One of the areas of contention deals with the degree of consent required to send someone an email. The Bill has an ‘opt in’ system, by which the sender needs the express or implied consent of the addressee to send a message. An existing business relationship may imply consent.

However, some people say that the Bill is so broadly drafted that it would prohibit . . . [more]

Posted in: Administration of Slaw, Legal Information, Substantive Law, Substantive Law: Legislation, Technology, ulc_ecomm_list

Ontario Solo and Small Firm Lawyers All A’buzz…

♫ What’s the buzz?
Tell me what’s a-happening…♫

Lyrics by Tim Rice and music by Andrew Lloyd Webber, from Jesus Christ Superstar.

What makes a successful legal conference?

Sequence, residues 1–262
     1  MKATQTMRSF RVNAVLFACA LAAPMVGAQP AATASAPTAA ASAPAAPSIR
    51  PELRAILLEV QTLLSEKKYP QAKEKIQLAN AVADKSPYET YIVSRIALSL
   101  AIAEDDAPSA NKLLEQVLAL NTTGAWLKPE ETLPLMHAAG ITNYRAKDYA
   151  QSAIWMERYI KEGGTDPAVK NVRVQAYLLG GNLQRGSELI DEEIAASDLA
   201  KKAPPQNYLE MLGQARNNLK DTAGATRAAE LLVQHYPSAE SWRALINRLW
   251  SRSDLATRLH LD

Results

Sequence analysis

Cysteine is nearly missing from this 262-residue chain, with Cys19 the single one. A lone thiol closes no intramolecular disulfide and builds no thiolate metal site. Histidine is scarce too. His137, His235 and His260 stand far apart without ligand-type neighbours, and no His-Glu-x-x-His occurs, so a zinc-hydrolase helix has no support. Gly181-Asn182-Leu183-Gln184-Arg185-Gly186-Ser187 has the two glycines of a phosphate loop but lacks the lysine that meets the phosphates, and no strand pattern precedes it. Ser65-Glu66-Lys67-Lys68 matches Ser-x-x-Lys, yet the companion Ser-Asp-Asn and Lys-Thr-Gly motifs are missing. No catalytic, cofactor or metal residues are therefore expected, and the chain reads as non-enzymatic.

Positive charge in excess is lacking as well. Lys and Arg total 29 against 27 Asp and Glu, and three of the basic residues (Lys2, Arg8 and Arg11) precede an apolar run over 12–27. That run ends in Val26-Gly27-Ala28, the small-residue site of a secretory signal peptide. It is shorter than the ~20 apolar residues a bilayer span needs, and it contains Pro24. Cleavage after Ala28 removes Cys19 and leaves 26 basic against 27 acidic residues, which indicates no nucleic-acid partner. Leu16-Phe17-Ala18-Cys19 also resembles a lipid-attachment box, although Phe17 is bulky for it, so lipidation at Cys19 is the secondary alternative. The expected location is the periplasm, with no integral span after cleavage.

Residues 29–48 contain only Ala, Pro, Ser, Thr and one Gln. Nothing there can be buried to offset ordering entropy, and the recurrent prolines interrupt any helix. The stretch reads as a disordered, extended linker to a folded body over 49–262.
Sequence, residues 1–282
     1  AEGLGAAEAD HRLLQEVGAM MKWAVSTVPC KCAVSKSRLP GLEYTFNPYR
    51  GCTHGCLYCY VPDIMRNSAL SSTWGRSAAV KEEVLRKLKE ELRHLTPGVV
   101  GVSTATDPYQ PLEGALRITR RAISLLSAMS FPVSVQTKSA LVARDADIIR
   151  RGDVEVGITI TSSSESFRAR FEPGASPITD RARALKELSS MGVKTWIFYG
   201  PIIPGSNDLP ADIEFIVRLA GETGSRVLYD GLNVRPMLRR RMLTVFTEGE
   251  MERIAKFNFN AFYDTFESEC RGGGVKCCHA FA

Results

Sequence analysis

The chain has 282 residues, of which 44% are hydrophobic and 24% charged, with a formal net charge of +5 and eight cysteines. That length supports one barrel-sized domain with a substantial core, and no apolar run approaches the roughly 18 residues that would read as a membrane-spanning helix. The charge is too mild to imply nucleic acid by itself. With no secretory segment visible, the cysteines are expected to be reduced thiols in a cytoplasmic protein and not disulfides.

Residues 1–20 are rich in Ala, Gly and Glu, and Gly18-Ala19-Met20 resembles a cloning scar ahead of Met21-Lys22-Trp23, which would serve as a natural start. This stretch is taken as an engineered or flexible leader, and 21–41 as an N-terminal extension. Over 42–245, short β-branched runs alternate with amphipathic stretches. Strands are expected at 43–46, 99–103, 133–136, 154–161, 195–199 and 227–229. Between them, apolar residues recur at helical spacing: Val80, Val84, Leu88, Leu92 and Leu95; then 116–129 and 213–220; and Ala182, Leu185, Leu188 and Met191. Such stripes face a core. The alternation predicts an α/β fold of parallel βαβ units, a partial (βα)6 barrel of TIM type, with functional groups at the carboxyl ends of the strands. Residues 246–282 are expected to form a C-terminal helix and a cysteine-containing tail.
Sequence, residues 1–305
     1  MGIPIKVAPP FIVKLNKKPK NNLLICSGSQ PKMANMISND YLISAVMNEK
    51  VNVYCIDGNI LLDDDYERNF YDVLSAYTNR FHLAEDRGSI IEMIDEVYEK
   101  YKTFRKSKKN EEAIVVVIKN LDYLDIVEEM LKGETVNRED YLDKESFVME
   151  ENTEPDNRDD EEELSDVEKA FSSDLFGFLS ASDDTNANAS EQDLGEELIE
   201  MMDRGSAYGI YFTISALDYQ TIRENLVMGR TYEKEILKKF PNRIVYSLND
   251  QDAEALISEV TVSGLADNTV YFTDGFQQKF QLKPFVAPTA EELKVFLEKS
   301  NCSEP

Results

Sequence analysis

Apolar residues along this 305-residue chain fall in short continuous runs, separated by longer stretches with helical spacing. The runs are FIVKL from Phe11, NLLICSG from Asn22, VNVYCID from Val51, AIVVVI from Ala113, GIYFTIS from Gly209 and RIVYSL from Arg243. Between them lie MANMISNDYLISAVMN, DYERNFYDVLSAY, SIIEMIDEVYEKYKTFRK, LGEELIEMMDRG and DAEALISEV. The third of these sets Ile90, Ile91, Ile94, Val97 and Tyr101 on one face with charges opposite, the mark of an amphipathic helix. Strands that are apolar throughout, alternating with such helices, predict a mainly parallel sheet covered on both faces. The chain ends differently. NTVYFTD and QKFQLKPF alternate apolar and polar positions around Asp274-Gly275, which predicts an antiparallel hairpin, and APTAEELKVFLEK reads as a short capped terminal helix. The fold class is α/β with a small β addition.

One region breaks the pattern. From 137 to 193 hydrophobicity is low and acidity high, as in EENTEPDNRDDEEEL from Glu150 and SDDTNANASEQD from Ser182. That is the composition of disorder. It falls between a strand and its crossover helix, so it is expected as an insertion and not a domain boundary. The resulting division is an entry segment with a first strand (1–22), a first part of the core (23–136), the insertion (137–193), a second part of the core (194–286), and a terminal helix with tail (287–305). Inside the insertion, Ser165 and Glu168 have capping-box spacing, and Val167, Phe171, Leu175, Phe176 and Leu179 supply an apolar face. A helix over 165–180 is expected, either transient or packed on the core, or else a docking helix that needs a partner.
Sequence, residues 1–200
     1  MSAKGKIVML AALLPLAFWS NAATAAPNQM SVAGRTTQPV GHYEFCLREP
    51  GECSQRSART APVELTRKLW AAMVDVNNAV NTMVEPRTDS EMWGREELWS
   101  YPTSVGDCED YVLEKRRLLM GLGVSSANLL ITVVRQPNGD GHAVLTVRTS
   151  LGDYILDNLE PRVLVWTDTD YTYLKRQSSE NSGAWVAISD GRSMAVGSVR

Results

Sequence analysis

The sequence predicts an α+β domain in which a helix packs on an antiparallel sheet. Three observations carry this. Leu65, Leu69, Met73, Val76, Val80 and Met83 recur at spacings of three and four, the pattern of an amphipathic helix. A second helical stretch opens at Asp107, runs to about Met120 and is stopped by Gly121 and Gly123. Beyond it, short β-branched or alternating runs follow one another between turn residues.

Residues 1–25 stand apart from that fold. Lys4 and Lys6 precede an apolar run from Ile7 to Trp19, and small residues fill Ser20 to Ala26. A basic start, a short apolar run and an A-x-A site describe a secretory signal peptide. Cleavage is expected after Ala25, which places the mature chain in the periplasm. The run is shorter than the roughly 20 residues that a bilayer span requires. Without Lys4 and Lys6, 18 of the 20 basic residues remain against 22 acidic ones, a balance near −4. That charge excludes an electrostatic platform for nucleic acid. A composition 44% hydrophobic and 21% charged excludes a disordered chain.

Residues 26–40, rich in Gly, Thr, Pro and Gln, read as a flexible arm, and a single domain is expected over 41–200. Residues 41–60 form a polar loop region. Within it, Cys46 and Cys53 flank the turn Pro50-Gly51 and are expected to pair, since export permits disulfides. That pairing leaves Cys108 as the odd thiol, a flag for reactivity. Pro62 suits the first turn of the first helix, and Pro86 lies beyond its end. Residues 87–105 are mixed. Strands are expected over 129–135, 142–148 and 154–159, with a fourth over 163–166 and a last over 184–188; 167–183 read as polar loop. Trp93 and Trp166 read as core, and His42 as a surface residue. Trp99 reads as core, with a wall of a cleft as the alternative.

• An uplifting opening event, which sets the stage for the conference.

• Engaging speakers and a highly participative audience.

• A wonderful setting.

• Great organization from the conference staff and organizers.

• And not the least of all, a positive ‘buzz’ that permeates the entire conference.

Well, the 4th Annual Solo and Small Firm Conference, sponsored by the Law Society of Upper Canada and the Ontario Bar Association . . . [more]

Posted in: Miscellaneous

Microsoft Says Go Direct to Windows 7

In a recent speech Bill Veghte – senior vice president, Windows business, for Microsoft – advised that if a business is now in the testing phase to upgrade from XP to Vista, they should stop and go direct to Windows 7.

The Windows 7 release candidate is now available for testing purposes, and Windows 7 is expected to be available this fall.